Random Numbers in C#

Random Numbers in C#

Published 10/5/2008 by PhilJapikse
Tags: , ,

When is a Random number not truly Random? When it's generated through the System.Random class. This class takes an optional seed value, but returns essentially a predefined order of seemingly random numbers.

The (non)Random Class

To prove this case, run the following code which uses the default constructor of the Random class:

  1: while (true)
  2: {
  3:   Random r = new Random();
  4:   Console.Write(r.Next() + ":");
  5:   Console.WriteLine(r.Next());
  6:   string test = Console.ReadLine();
  7:   if (test=="q") { return; }
  8: }
The generated results look will like something like this:



Now, change the code to include a seed value in the constructor for the Random class:

  1: while (true)
  2: {
  3:   Random r = new Random(1234);
  4:   Console.Write(r.Next() + ":");
  5:   Console.WriteLine(r.Next());
  6:   string test = Console.ReadLine();
  7:   if (test=="q") { return; }
  8: }

You will see that the Randomness isn't there anymore. The results from this run are far from Random!



This tells us that the parameter-less constructor is using some internal generation algorithm to seed to class. In fact, if we fire of a series of New/Next commands within the loop, we will see a set number of the generations will repeat themselves before rotating to a new set. The seed is obviously generated from CPU ticks or the system clock or some other factor of time.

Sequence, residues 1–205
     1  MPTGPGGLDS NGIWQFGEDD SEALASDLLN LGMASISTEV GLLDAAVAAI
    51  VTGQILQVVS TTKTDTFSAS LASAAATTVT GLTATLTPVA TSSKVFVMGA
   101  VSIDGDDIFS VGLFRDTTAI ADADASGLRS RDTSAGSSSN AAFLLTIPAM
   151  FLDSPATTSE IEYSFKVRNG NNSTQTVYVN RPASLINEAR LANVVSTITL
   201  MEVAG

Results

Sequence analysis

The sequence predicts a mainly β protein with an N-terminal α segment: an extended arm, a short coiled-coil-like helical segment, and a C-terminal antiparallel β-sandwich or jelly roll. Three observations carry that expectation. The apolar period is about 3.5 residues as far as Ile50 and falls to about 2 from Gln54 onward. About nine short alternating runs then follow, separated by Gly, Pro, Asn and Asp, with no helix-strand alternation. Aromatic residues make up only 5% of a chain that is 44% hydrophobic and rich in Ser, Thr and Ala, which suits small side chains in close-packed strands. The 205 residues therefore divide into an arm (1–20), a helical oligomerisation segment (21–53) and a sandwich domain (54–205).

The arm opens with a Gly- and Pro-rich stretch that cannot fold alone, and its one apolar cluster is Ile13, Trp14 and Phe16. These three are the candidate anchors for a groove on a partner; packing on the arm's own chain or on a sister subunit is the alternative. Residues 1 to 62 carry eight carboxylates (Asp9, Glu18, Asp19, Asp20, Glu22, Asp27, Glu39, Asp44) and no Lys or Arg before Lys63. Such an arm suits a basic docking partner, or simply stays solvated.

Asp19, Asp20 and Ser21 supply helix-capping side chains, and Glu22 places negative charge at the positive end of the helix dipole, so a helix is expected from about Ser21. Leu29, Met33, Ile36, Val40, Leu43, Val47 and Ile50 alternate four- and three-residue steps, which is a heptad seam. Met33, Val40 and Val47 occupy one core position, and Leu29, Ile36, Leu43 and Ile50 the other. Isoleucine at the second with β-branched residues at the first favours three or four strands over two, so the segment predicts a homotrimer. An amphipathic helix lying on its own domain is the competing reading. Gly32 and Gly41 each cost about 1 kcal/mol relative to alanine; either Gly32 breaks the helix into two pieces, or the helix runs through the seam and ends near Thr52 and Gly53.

The nice part of this class is that you can pass in a Min and a Max to the Next method. If you don't need a cryptographically strong random number, this should work fine.

Using RNGCryptoServiceProvider for True(r) Randomness

The .Net Framework comes with one concrete implementation of System.Security.Cryptography.RandomNumberGenerator, and that is the RNGCryptoServiceProvider. While I don't want to get into a debate on how truly random the RNG Provider is, it is generally accepted as a cryptographically strong Random Number Generator. Please check with your security group prior to generating any code for security measures to make sure you are within the security teams guidelines.

There is a bit more code involved in using this class, but it is well worth the extra effort. The code looks like this:

  1: while (true)
  2: {
  3:   int max = 10000;
  4:   int min = 1;
  5:   RNGCryptoServiceProvider c = new RNGCryptoServiceProvider();
  6:   for (int x = 0; x < 20; x++)
  7:   {
  8:     // Create a byte array to hold the random values.
  9:     byte[] randomNumber = new byte[4];
 10:     // Fill the array with a random value.
 11:     c.GetBytes(randomNumber);
 12:     //Convert to a number
 13:     int result = Math.Abs(BitConverter.ToInt32(randomNumber, 0));
 14:     Console.WriteLine(result % max + min);
 15:   }
 16:   string test = Console.ReadLine();
 17:   if (test == "q") { return; }
 18: }